Although there is no shortage of significant UK and world events capable of influencing markets in 2017, the auction room – and the sub £5m markets which power it – is expected to remain active and ripe with opportunity as a result.
Donald Trump will be US President from 20 January. If his behaviour in office is as erratic as during his campaign, we are in for many surprises. The full impact of Brexit will only be realised over an extended period – and nobody can accurately forecast the extent of its effect on markets, property prices, trade deals, in fact anything, nor indeed the duration of so many fundamental post Brexit adjustments. Theresa May has promised that Article 50 will be invoked before April thereby starting the formal process for Britain’s withdrawal from the EU. Although the auction rooms appeared to have been largely unaffected post referendum, there is no guarantee that this sustained confidence will continue after a formal Brexit. And there is no apparent Government plan to help any forecasts.
Philip Hammond’s spring budget is unlikely to ease the pain inflicted on buy to let investors during 2016. The 3% stamp duty surcharge on investments and second homes appears to be here to stay. In addition, the first phase of reductions in tax relief kicks in from 1 April when landlords will only be entitled to deduct 75% of finance costs from rental income. We have seen some residential investors turn their attention to commercial or mixed use buildings as a result of the lower taxation in this sector.
Developers in London will have to assess the increased requirement of 35% affordable housing provision (although not the original 50% proposed by the Mayor). This is likely to have an impact on site values.
The prime central London market (£5m+) faces challenges and will be one of the UK residential sectors with the lowest growth on average. There is likely to be further stagnation – or price falls – in the £10m+ markets, although this will have little impact on the auctions. There will certainly be buying opportunities later in the year.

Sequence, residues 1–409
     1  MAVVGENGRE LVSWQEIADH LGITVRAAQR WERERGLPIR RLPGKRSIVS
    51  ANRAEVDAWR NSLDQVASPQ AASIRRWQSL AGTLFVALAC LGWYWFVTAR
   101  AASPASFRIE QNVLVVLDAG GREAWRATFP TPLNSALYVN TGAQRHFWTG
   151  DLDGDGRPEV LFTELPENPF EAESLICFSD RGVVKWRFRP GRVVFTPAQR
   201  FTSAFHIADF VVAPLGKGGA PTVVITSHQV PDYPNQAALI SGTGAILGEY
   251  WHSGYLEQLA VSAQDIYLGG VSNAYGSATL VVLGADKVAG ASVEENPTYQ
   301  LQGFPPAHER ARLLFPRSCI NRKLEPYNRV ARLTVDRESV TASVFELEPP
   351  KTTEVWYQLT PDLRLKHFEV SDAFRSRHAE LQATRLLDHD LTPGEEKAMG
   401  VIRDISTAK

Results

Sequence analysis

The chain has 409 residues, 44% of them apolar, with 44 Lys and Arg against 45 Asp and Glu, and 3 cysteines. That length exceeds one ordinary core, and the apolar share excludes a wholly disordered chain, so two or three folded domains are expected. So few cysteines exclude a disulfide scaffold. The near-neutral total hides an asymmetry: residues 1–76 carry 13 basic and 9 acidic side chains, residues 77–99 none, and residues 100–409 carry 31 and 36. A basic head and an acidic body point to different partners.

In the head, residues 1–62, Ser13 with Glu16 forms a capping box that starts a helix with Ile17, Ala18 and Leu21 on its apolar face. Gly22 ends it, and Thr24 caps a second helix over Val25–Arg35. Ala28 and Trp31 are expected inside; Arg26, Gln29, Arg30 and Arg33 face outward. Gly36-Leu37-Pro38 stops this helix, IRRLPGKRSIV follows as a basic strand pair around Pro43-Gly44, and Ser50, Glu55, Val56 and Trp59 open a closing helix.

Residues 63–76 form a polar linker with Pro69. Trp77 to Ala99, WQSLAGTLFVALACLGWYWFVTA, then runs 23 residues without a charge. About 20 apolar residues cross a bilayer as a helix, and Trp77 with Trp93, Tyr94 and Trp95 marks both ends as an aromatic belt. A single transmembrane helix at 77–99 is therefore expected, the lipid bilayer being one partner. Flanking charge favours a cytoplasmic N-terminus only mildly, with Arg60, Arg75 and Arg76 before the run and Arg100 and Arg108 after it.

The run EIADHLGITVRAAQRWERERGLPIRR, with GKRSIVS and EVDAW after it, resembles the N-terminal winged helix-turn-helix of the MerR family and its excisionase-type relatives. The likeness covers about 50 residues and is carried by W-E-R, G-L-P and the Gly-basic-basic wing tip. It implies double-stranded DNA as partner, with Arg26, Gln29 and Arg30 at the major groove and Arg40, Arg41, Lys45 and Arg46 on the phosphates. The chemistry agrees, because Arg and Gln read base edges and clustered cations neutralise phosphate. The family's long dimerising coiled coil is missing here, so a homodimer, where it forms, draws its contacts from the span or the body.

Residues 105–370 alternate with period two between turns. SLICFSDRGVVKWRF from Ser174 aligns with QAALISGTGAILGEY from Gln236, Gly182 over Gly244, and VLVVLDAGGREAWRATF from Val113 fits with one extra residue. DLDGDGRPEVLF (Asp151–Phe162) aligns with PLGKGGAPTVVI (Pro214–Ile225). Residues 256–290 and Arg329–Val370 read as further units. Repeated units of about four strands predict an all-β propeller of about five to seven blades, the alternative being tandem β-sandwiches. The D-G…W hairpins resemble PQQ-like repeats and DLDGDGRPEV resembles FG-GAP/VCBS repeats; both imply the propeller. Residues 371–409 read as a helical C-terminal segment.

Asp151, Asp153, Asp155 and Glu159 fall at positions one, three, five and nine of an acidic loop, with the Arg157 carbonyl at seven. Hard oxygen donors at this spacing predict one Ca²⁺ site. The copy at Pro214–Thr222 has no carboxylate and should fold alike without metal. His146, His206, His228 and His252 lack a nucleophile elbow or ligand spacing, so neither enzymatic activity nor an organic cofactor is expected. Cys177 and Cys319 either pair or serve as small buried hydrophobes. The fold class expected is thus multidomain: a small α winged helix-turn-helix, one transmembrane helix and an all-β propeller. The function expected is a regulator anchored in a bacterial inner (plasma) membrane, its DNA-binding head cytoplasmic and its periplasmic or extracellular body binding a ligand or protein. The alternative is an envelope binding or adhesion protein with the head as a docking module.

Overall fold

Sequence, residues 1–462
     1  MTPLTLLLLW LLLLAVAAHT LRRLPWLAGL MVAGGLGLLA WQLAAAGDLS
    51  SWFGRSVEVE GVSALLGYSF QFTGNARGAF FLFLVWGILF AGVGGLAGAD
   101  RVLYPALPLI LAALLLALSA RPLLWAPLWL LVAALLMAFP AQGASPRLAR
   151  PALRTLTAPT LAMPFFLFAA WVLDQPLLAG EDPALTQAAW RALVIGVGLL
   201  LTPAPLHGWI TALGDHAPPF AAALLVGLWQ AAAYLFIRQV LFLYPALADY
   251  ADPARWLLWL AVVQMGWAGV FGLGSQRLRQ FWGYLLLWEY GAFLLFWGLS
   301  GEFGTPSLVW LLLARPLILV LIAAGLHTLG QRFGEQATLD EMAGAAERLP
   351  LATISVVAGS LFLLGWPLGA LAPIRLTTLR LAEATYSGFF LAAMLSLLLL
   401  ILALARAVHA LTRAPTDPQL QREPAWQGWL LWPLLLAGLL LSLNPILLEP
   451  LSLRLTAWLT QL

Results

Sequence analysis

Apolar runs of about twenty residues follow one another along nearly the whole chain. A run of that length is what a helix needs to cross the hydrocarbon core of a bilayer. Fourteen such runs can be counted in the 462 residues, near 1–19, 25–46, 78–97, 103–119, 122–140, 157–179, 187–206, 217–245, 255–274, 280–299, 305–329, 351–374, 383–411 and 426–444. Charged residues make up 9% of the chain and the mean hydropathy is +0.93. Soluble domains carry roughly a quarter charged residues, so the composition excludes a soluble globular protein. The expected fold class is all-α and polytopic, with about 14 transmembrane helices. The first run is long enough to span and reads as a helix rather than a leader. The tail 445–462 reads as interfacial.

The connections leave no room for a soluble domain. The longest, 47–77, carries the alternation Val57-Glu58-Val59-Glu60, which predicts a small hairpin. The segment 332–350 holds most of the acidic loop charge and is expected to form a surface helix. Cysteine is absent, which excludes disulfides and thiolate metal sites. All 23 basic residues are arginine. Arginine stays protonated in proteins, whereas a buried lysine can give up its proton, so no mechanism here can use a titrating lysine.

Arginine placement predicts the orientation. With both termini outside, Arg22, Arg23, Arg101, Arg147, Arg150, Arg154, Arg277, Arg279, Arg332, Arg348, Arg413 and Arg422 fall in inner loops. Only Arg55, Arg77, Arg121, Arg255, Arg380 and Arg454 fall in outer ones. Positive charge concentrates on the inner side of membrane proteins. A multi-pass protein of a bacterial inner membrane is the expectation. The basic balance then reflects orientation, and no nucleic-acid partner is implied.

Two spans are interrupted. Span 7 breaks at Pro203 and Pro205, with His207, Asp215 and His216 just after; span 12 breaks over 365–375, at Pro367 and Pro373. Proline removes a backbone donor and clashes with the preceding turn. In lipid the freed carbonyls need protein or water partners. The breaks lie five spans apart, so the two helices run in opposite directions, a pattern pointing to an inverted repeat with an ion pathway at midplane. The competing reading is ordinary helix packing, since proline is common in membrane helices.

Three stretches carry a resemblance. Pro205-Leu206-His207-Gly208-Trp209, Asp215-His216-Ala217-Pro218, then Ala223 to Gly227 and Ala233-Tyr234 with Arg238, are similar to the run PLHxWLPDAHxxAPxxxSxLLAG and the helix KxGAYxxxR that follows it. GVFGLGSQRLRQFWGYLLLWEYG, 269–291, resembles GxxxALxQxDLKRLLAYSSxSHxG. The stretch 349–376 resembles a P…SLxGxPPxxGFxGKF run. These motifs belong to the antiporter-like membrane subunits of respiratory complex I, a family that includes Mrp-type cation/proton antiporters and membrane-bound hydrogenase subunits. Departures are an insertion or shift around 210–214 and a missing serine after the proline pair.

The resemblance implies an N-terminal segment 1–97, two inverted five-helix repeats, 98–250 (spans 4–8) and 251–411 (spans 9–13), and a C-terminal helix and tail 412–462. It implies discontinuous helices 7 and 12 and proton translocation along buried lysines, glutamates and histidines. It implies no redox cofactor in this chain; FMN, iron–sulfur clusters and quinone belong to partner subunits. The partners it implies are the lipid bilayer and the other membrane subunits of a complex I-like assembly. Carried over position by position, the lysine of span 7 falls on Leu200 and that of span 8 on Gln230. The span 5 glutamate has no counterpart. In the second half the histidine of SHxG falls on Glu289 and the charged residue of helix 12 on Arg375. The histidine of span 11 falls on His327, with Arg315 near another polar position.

Ground rents will continue to be seen as secure long term investments. This market is very specialised but one that is growing in popularity as investors become more educated. Buyers should look out for lots that are subject to lessee nominations under the Landlord and Tenant Act. Research shows that these can be bought at reduced prices. The sector has however been the subject of parliamentary debate. Expect government intervention and further regulation in the future.
A weak post Brexit pound – now at its lowest level since 1985 – has encouraged overseas investment. The UK is still seen as a safe haven. Major conurbations outside London, particularly those with strong tenant demand, are the areas to watch. 2015 belonged to London, 2016 was arguably a year of transition – but 2017 will be the year for UK cities. Birmingham, Manchester and Leeds, for example, will offer great value for money, decent yields and the prospect of good capital growth. The UK is still experiencing record low interest rates, low inflation, a stock market that has repeatedly tested new highs and, above all, an embedded mentality of property investment and aspiration to ownership. “Generation Rent” will ensure a sustained, if partially reluctant, tenant pool. London rents will rise at a softer pace this year but other major cities should see healthy rental growth. Investors will still face competition from first time buyers and owner occupiers with access to finance and the “bank of mum and dad”.
The year ahead should be one of slow steady growth overall. The significant identifiable events ahead will inevitably lead to some caution and market ripples. But these are where the astute will identify buying opportunities. The auction room will be where these opportunities will be immediately manifested. And as always, Allsop will be endeavouring to ensure that reserves remain realistic in order to allow the broadest participation of bidders.